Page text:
It’s right as a believer to be alarmed, saddened, and discomfited by the modern trajectory of the American soul. In all seriousness, feeling these things does not make you geriatric. It signals that you have a conscience, and that it is active. But I do not come to bury our culture.
It is a very difficult thing indeed to be a boldly biblical Christian in elite culture today.
After 2,000 years, don't we know by now what the gospel is? Haven't we "been-there-done-that?" Why do we need one book after another on the same old topic?
The truth of the matter is that there is no ground for creativity that comes close to the intellectual fertility of Christian theology.
In the religion news headlines this week is the story of a pastor who has decided the Bible condones homosexuality. His church, it seems, has determined to see how they might live in a tension between those who agree and disagree. Dr. Mohler has a reflective piece on the situation. It is likely not a coincidence that the pastor in question has a son who has recently come out…
We familyolaters take what most of us consider the most important thing in our lives and give it the weight of our worship in a way that is both dishonorable and unsustainable. And we end up living "Thus saith the family" rather than "Thus saith the Lord."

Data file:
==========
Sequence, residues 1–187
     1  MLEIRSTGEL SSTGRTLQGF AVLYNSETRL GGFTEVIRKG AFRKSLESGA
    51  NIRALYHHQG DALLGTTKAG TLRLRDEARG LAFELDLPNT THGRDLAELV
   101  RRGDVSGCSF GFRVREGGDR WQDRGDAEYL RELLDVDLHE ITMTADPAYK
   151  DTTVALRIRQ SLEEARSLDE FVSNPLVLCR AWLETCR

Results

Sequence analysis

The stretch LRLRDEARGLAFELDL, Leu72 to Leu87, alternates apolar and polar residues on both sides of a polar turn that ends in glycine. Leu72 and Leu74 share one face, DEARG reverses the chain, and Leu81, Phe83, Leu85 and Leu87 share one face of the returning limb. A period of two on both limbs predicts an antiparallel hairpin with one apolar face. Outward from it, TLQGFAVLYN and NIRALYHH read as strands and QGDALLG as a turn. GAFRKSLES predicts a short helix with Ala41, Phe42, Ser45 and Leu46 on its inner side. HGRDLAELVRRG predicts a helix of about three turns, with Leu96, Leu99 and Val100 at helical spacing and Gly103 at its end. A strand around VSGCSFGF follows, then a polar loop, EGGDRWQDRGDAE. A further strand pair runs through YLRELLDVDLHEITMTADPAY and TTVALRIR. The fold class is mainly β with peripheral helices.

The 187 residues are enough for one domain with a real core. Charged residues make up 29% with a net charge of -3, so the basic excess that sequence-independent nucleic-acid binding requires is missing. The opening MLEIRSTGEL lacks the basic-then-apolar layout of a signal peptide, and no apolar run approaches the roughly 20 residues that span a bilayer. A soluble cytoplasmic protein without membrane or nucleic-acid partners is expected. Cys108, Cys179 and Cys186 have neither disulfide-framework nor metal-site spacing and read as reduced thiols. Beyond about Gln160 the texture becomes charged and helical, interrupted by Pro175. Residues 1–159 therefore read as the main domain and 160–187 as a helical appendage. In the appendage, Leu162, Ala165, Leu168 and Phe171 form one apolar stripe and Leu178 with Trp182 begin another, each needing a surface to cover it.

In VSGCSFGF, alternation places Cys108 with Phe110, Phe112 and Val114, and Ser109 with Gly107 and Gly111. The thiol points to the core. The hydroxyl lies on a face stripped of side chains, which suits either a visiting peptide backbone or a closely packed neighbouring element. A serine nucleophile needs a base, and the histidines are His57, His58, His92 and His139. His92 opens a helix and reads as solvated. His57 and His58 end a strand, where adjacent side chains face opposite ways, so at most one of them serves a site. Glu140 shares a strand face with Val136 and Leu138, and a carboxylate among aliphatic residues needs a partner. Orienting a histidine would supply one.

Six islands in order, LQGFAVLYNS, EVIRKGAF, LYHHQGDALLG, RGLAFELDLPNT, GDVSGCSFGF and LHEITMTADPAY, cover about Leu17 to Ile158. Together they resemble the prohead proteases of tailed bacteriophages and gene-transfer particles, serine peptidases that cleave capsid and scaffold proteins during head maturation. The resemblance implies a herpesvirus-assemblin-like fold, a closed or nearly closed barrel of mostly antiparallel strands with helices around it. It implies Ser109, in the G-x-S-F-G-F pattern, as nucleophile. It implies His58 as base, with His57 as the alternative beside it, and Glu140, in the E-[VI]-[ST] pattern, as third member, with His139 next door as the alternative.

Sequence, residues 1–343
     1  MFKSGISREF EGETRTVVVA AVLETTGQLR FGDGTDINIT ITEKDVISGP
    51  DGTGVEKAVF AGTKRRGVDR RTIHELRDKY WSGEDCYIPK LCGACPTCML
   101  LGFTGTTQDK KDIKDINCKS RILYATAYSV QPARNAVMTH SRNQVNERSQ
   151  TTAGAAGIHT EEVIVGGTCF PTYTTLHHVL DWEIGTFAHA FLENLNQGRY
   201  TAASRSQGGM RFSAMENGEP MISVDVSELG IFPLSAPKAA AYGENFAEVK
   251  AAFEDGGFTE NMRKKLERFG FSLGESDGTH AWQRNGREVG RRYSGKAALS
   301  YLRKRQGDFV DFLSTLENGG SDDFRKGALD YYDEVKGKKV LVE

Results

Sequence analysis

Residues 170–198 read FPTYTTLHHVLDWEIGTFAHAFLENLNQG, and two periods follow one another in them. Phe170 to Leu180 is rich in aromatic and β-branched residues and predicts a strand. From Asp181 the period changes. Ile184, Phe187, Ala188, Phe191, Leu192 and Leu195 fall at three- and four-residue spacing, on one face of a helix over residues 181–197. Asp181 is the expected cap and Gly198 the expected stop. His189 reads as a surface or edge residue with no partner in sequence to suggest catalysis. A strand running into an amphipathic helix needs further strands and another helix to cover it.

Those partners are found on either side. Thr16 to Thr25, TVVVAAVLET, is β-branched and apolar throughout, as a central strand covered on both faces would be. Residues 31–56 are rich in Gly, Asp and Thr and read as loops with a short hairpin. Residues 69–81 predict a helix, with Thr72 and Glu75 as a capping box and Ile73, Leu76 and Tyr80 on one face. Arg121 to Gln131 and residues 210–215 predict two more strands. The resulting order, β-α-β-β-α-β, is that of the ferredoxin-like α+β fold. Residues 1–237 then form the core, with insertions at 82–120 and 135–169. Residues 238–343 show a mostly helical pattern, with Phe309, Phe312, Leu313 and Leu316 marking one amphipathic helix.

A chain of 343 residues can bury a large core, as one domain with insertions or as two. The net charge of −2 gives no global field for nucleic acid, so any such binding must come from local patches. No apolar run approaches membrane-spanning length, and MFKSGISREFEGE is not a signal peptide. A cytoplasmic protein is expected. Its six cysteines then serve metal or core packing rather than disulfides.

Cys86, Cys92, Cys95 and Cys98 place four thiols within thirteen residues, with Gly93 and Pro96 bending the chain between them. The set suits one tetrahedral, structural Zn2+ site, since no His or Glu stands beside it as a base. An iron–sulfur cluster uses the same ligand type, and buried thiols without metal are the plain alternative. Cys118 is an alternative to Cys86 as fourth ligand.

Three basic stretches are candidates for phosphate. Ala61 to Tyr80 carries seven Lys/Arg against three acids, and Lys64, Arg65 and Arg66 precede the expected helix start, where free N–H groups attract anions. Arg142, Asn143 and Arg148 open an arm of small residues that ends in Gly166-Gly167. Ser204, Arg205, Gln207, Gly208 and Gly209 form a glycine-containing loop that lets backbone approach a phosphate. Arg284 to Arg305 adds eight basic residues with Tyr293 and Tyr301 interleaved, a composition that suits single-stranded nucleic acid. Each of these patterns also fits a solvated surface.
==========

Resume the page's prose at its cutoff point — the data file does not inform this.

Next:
While there certainly should be political and legal discussions about these events, the most important question we must always ask is, “What would Jesus say about it?”
We ask Trevin Wax, "What will the American evangelical landscape look like in 20 years?"
As evangelicals seeking to engage the city of man, what are we to make of this year's Presidential election? Here are six brief thoughts.
Christians should have nothing to do with utilitarian arguments against abortion.
As changing views on gay marriage, among others, go to show, secularization marches on. Traditionalists may be on the losing end of historic real estate, at least for now, as well as booed out of the public square for their views on sex. Down the road, though, they still look to possess something else critical.
And then I look from Judges to my newsfeed, and I see videos of tiny human beings, who have been dismembered, who have been packaged up, sold, and utilized for research. I look to my newsfeed and see the celebration of sexual freedom, that lauds sex without cost or price.
There is much in life that cannot be fixed, but must simply be endured. Pastors are fitted for this reality.
The line between noble intentions and prideful purposes is so difficult to see that it's easy for us to cross.
It's in His Gospel that we find the remedy for sin, in any manifestation.
The work of Christ applied to our hearts is such an unstoppable, unopposable force that it refigures us entirely.
Thinking through these questions often can help identify your stream as a gospel-filled well your followers should drink from often or a gospel-less pit followers should avoid.
In a thread of confirmation bias, hate, uncareful thinking, narcissism, and over exaggerations, be the voice of gospel reason.
Remember, a cross and the pursuit of the good of others should mark your Christian life. This must be true for your social media presence as well.
Your justification isn’t in the fact that you don’t post selfies or engage in over-the-top political comment streams. It’s in the blood of a murdered Son.
The increasing presence of transgender individuals demonstrates humanity’s underlying desire to understand themselves, to achieve a sense of wholeness.
There is much wisdom when you have a love for people wherever you find them, urban or rural.
The gospel is the ultimate "tale as old as time" because we get God.